Even with the reality of lessening social time for today’s teenagers, the average middle or high schooler spends a significant part of her day interacting with peers at school and sports or music practice. It’s not often, however, that she gets to connect with other generations outside of her own family. This is part of the beauty of the Church, that as God’s people we value life and relationship from the cradle to the grave. So many of our affiliations in the community and the marketplace are siloed along age demographics. The Church is unique in its insistence that we come together across generations for mutual blessing and encouragement, that we “not give up meeting together, as some are in the habit of doing” (Hebrews 10:25). And this, too, is difficult to do in our PJs from the comfort of home.

In the gathered body of believers, a teenager is invited to get to know the elderly couple sitting beside him in the pew. He runs into a middle-aged youth leader in the hallway who stops to ask how last week’s test went and whether he’ll be at youth group this week. He has the opportunity to say hi to some kids he met helping with recreation at VBS over the summer. All of these relationships, from the most intentional to the most casual, are significant as a teenager begins to see himself as part of a body of believers whose life together is anchored in more than special interests or social gain.

Outward-Focused Interactions

When teenagers “attend” church online, it’s too easy for their participation to be based on their own preferences or conveniences. They can watch a virtual service any time they want, rather than rising earlier than they might choose to participate in the messy physicality of gathered worship. They can select a service in which the music or preaching style exactly suits their tastes in place of bending to the preferences of others. They can fast forward if they don’t want to listen as opposed to being confronted with difficult truths from Scripture. They don’t even have to get dressed in the morning.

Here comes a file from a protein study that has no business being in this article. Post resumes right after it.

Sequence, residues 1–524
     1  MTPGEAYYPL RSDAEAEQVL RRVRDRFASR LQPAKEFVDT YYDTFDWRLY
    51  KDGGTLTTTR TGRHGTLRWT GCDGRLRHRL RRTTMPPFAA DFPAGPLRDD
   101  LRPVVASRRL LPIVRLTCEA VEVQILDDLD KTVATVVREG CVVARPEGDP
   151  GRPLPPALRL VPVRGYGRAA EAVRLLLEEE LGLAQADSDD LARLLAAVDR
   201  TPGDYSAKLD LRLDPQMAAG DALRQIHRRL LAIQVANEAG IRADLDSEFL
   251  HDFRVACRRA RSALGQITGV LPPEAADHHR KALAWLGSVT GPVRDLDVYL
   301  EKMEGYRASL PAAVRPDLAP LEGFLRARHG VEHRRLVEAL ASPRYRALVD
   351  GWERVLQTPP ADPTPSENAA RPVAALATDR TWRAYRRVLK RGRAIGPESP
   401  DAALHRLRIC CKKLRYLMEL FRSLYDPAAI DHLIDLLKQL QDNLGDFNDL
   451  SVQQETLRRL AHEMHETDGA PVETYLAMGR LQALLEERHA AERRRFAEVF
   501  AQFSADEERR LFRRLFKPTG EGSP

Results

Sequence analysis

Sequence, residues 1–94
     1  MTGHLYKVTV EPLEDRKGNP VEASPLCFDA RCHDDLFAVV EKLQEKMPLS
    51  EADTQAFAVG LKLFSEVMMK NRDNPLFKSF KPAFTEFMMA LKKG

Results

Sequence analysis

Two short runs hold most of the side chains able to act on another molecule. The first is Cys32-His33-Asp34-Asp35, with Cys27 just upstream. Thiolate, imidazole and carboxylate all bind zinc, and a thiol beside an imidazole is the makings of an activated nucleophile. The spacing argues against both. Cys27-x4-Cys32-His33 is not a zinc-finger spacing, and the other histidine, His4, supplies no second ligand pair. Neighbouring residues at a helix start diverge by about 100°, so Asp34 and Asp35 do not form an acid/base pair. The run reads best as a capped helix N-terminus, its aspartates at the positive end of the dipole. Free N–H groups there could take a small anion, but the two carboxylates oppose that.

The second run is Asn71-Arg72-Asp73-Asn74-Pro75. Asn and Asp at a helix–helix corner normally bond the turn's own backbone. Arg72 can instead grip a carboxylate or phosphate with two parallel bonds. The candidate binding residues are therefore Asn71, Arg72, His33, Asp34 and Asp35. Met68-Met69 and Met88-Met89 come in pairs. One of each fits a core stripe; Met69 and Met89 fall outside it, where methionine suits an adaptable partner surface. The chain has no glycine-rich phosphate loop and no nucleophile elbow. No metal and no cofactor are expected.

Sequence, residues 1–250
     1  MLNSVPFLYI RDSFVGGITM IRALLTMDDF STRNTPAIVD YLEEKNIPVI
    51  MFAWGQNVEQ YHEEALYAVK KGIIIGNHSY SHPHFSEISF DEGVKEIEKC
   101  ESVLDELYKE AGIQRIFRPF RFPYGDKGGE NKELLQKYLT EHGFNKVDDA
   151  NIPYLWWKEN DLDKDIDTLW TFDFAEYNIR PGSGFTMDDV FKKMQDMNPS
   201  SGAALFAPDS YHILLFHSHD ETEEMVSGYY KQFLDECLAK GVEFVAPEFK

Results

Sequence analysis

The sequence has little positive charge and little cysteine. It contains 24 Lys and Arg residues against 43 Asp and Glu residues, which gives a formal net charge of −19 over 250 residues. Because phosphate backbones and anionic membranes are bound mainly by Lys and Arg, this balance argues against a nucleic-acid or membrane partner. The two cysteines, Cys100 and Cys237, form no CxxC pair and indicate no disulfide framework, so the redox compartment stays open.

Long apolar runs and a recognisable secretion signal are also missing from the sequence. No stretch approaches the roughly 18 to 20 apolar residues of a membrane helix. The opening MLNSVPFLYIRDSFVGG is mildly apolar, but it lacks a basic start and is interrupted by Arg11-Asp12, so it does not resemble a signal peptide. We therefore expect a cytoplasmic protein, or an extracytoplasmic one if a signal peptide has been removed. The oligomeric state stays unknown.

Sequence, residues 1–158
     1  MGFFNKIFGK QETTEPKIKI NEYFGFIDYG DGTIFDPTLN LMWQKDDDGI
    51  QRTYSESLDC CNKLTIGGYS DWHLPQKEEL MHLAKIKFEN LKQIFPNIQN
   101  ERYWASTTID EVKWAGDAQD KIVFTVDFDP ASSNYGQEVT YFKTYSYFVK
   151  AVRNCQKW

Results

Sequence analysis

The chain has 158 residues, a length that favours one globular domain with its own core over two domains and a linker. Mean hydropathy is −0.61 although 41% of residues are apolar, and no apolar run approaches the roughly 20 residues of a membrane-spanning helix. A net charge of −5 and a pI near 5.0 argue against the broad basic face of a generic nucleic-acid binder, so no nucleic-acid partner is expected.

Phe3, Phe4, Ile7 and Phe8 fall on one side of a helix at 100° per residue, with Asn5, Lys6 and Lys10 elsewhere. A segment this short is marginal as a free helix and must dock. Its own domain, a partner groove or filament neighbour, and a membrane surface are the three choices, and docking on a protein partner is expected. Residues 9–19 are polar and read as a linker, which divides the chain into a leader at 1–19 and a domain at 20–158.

But in the fleshy reality of the local church, we bump up against one another’s needs in all kinds of ways. My baby fusses during the service and lets the whole sanctuary of worshippers know he needs a nap. We pass the bread and wine, serving one another before we take it ourselves as a reminder that it’s not about me. We have opportunities to meet one another’s needs through prayer and service as we learn of upcoming surgeries and openings in children’s Sunday school and faraway missionaries who count on our support.

In Acts 2:42-47, we read how the earliest believers met together daily in the temple, growing spiritually through teaching and prayer and sharing all they had with one another. Surely in that pagan world, they felt their need for instruction and encouragement in the things of God! But they also knew they had gifts to offer one another. Our world today is not so different in its tides of false teaching and of human need. Our souls need to be repeatedly formed in the gospel—the Good News that God saves sinners through the work of Christ, not through human effort or achievement. And we also need to follow in the way of Jesus by gladly giving of ourselves and our gifts for the sake of others.

As tempting as it may be to stay at home on Sunday mornings, I hope you’ll give your teenagers the gift of regathering in person as soon as it is wise for your family to do so. As you do, I pray your children will encounter the risen Lord Jesus through the beauty of his body, the church, so that they will be continually drawn to love and follow him.


[1]  Jean M. Twenge, iGen: Why Today’s Super-Connected Kids Are Growing Up Less Rebellious, More Tolerant, Less Happy–and Completely Unprepared for Adulthood–and What That Means for the Rest of Us, (New York, Simon and Schuster, 2017).

I consider this book to be essential readers for the parents and youth ministers of iGen! If you don’t have time for the whole book, Twenge’s 2017 article for The Atlantic (see footnote below) offers a nice overview.

[2]  Jean M. Twenge, “Have Smartphones Destroyed a Generation?” The Atlantic, September 2017, https://www.theatlantic.com/magazine/archive/2017/09/has-the-smartphone-destroyed-a-generation/534198/


Chelsea is Editor of Youth Ministry Content and the Director of Publishing for Rooted. She previously served as a youth pastor in New England churches for 13 years and participates on the advisory council at the La Vida Center for Outdoor Education and Leadership at Gordon College. Chelsea and her husband, Steve, live north of Boston and are parents to Wells and Emmett. She holds an M.Div from Gordon-Conwell Theological Seminary, where she is currently pursuing a Master of Theology (Th.M.) in Old Testament Studies. Chelsea is passionate about teaching teenagers biblical theology and helping them learn to study Scripture for themselves.